Donald's Encyclopedia of Popular Music
(b 20 July 1902, Omagh, Northern Ireland; d 6 April 1984, Cheltenham) One of the most successful British songwriters of all time, with more hits in the USA than anyone until Lennon and McCartney. He became a teacher and a civil servant but turned to songwriting in 1930, collaborating on music-hall comedy songs. 'Teddy Bears' Picnic' (with J. W. Bratton) was recorded by Henry Hall and the BBC Dance Orchestra '32 and must have been one of the biggest-selling kiddie records of all time (Kennedy received no royalties until after WWII, by which time 4m copies of the Hall record alone had been sold; it was also recorded by Bing Crosby and several others). He wrote words to music by Hugh Williams; publisher Bert Feldman turned down their 'Isle Of Capri' '34 because of the line about the ring on her finger: 'You can't have this sailor making love to a married woman, the BBC will never stand for it!' So they took it to Peter Maurice, and when the public finally heard it they requested the song about the lady with the ring on her finger. (The song also changed the name of the island from Capri to Capree.) Maurice also published 'Red Sails In The Sunset' and 'Harbour Lights' among others.
(Hugh Williams's real name was Wilhelm Grosz; he emigrated from Berlin to London '34, went to the USA and died '39: a selection of his Afrika-Songs from the '20s and other work was issued by Decca UK '97 in their Entartete Musik series of composers banned in Nazi Germany.)
Ray Noble's and Lew Stone's hits on 'Isle Of Capri' were also hits '35 in the USA, where Freddy Martin had another version; it was revived '54 for more U.S. hits. 'Red Sails In The Sunset' had six hit recordings in the USA including Bing Crosby and Guy Lombardo; even Mantovani's record was a U.S. hit in '35, long before he became world-famous for albums of 'cascading strings'; it was recorded by everybody from the Mound City Blue Blowers to Fats Domino. 'Harbour Lights' was a no. 1 song in the UK, had two hit versions in the USA '37, no fewer than seven when it was revived '50 (including both Crosby and Lombardo again), and another '56 by the Platters.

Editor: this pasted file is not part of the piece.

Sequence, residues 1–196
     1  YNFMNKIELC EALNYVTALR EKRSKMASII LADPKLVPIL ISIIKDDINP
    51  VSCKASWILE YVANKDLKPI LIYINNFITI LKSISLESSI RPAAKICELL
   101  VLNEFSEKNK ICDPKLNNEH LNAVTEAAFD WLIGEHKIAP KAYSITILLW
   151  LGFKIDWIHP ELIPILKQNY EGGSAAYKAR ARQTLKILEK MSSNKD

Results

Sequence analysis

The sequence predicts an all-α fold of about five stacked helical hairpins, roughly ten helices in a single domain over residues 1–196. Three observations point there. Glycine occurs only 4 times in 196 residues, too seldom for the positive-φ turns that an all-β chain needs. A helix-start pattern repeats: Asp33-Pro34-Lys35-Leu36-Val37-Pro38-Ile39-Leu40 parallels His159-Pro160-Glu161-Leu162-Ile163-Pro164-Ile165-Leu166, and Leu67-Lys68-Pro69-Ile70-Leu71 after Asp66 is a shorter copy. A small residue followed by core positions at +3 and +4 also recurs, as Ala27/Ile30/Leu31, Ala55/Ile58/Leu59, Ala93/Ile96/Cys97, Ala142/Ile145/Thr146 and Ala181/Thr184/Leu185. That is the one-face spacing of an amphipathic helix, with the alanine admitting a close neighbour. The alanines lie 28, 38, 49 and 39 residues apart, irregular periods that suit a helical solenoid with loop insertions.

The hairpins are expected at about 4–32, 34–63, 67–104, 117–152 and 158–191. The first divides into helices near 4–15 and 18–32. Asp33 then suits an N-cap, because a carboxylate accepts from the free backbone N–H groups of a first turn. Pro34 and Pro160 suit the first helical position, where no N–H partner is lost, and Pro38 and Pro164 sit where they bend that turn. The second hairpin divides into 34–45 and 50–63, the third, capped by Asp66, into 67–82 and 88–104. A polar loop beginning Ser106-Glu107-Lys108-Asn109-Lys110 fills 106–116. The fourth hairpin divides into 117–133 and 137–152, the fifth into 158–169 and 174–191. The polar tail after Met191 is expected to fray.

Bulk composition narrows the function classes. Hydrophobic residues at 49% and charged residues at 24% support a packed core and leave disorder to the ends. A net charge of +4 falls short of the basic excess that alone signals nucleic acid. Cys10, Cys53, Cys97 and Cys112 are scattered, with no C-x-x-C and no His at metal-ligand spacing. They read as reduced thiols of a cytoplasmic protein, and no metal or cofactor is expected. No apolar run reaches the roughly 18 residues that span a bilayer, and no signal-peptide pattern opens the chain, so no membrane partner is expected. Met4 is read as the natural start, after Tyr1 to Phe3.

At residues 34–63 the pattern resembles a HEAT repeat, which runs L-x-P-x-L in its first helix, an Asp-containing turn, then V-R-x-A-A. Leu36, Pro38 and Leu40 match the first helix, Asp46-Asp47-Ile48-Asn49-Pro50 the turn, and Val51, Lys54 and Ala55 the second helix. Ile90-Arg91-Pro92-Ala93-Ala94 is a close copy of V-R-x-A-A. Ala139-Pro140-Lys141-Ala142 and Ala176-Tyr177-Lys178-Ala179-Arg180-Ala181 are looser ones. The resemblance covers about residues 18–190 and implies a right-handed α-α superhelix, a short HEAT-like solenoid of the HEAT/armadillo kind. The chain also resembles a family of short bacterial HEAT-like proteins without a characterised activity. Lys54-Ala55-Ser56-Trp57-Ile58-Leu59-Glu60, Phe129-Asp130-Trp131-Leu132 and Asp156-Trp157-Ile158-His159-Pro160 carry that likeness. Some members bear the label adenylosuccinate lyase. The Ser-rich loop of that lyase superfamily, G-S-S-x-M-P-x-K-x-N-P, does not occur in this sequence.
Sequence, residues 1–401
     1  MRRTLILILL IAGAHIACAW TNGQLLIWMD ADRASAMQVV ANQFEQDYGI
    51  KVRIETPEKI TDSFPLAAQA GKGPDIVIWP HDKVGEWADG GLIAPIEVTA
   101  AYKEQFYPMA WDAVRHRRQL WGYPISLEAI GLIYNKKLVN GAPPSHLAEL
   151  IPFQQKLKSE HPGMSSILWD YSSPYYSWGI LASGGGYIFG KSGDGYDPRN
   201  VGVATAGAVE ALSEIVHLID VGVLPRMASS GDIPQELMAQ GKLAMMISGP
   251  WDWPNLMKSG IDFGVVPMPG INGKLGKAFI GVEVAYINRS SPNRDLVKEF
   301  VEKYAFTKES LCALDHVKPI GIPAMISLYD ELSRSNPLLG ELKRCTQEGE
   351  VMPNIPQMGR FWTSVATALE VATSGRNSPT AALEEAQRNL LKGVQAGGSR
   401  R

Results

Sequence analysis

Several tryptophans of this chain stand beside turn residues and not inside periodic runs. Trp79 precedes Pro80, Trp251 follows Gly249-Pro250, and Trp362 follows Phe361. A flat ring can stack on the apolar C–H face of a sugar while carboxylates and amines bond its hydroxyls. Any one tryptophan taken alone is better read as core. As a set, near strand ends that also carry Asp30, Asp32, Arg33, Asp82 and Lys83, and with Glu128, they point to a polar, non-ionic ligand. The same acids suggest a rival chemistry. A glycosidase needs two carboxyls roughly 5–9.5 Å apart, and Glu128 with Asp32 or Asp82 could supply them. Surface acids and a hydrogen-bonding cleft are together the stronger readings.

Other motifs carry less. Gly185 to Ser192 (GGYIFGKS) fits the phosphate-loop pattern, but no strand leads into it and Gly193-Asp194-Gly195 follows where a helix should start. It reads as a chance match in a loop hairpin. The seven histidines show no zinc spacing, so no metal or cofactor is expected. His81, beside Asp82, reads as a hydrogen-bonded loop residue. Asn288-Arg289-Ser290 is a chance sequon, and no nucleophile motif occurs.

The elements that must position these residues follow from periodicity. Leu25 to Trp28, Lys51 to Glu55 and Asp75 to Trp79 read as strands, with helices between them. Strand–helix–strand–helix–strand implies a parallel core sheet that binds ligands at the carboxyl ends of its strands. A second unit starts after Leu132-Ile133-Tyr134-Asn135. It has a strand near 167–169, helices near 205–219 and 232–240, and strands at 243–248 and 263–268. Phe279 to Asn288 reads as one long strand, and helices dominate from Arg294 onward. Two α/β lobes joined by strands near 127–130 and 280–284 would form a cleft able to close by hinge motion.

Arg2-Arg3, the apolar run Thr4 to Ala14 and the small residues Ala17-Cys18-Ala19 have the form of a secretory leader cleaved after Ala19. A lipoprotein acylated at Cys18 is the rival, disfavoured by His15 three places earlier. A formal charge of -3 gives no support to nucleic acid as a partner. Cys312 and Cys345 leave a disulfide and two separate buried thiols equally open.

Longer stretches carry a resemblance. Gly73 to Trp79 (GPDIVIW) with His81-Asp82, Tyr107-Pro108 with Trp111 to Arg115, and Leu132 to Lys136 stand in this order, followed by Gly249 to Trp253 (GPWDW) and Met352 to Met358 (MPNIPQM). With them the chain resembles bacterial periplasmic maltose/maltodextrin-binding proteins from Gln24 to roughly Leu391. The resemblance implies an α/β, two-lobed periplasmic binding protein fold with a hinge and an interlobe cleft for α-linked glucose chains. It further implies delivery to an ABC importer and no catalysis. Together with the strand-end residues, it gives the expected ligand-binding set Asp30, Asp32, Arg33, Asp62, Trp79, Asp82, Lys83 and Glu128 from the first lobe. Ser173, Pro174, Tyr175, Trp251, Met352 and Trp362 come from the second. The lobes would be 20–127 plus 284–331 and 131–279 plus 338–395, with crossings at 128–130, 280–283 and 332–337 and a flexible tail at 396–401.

With Michael Carr, Kennedy wrote shows for the Palladium, and songs such as 'South Of The Border' '39: this was again a no. 1 in Britain and had five hit recordings in the USA, including Lombardo, Gene Autry and Ambrose's British record; arranged by Nelson Riddle in Billy May's style, it unforgettably announced Frank Sinatra's comeback '53 for another top 20 US hit. Sinatra also recorded 'Isle Of Capri' '57; he changed the ring on her finger to a meatball, and sang 'T'was goodbye to the Villa Capri', his favourite L.A. Italian restaurant.
The versatile Kennedy also wrote words for foreign songs and instrumentals, such as 'Play To Me, Gypsy' (song by Karel Vacek), 'My Prayer' (from 'Avant de Mourir' '26 by Georges Boulanger: US hits by Glenn Miller and the Ink Spots '39, the Platters '56 and soul group Ray, Goodman and Brown '80); 'April In Portugal' '53 (song 'Coimbra', by Raul Ferrão, original words by José Galhardo). But he refused to write English words for 'Lili Marlene' while he was serving in the British Army, rising to the rank of captain; instead, one of his wartime hits was 'We're Gonna Hang Out Our Washing On The Siegfried Line'. The dance craze 'Hokey Cokey' appeared during WWII; the Happy Gang promoted it on Canadian radio and by '52 it had become 'The Hokey Pokey' on the other side of Ray Anthony's US hit 'The Bunny Hop'. (It was originally 'Cokey Cokey'; Kennedy thought it had started among 19th-century Canadian miners and had to do with cocaine, but 'cokey cokey' was how Italian ice cream vendors in England hawked their product.) 'Istanbul' ('Not Constantinople') '54 was a novelty hit by the Four Lads in the USA, co-written with Nat Simon. Other songs included 'Did Your Mother Come From Ireland', 'Serenade In The Night', 'Hometown', 'Love Is Like A Violin' etc. His show Spokesong '77 (with Michael Stewart) won a drama award; he was awarded an OBE (Order of the British Empire) '83; he had chaired the Songwriters' Guild (now the BASCA) for twelve years and after his death they added a Kennedy award to the Novello award they bestow annually.